What defense do you have against this endless cavalcade of grand romantic gestures, you ask? In my first installment of How To Keep A Girl For Ten Years, I explore the notion of solidarity through individualism, selflessness and creativity. Below are five things I’ve done in my relationship to ensure a reliable bedrock no amount of unwelcome haiku or Thai soap carvings could shatter.

1. Do Not Merge Your Closets

A go-to for slushy straight girls attempting to identify with lesbian relationships is, “hey, at least your wardrobe doubles, hehehe.” As if it were some sort of consolation prize for all the vagina I’m going to have to endure. Natalie and I never merged our closets (though we do borrow on rare occasions) and we have always had the mutual understanding that personal style correlates to our sense of individuality. Do you really want to be the Jennifer Jason Leigh to her Bridget Fonda? This is a gradual descent into losing your identities and becoming creepy carbon copies of each other. Avoid.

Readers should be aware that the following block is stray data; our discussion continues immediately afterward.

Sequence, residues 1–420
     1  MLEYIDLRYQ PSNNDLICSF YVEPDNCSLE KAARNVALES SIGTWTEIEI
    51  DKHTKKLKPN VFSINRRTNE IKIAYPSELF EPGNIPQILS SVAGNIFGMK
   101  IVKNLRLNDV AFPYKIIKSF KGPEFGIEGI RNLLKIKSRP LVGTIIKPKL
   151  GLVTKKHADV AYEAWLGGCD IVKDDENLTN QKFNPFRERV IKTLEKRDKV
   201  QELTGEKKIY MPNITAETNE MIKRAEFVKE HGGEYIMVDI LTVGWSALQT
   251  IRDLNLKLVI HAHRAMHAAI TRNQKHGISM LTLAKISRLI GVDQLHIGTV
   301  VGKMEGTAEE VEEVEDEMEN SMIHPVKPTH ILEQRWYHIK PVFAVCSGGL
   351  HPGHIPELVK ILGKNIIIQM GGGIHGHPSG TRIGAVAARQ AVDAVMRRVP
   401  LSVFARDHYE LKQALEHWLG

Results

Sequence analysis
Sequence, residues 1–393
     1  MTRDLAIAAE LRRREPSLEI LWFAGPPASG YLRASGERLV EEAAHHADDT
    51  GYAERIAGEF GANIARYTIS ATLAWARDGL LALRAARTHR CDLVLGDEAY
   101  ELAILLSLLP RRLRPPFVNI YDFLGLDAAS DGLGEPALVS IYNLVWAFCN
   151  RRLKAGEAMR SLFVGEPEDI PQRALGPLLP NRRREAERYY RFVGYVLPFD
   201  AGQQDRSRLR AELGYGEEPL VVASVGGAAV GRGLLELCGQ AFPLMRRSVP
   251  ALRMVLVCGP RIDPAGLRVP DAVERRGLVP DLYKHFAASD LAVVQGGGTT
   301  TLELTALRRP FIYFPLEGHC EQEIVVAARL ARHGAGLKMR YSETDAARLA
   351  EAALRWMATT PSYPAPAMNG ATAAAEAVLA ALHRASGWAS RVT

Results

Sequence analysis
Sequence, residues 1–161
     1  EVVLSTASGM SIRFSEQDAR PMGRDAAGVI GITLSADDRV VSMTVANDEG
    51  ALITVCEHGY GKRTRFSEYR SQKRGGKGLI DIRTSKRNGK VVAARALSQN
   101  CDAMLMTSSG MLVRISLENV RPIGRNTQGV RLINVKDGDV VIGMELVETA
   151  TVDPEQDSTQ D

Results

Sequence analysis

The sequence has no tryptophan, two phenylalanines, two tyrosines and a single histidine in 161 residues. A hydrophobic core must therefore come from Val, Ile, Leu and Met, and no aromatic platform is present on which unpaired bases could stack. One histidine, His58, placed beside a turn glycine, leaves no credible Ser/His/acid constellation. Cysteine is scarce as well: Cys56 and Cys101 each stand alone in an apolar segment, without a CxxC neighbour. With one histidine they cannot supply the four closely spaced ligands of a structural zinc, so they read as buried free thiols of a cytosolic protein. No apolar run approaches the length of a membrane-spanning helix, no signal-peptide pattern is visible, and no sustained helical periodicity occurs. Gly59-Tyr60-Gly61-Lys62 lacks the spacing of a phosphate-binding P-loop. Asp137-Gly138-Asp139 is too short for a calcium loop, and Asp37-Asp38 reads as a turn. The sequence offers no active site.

2. Say The Nice Things You’re Thinking

Natalie is the Camille Doncieux to my Monet (if my accomplishments extended past acquiring a taste for sashimi, that is) — she is exceedingly charming and attributively blessed, she encounters the kind of casual fanfare I can only daydream about with every floral denim print I employ. This initially attracted me, then intimidated me, followed by a sense of grief, insecurity and hopelessness — what can I tell her that she hasn’t already heard? Come to find out, when I don’t tell her the positive things I am thinking about her, she naturally assumes I am not thinking them at all. I don’t know what I was afraid of, maybe there is a sense of vulnerability in offering someone a compliment, or an implied submissiveness in the gesture. However, we are no longer deprived of flattery; there is not an inch of her person, intellect or accomplishments I don’t applaud with the vigor and vim of a caffeinated mascot. And she roots for me, too — she’s got the Robyn commemorative pen, the laser etched money clip, the tote, the scarf, the jersey, the decoder ring and the sapphire earrings. Jill Scott said it best — “You can never be too stingy with compliments.” What are you waiting for?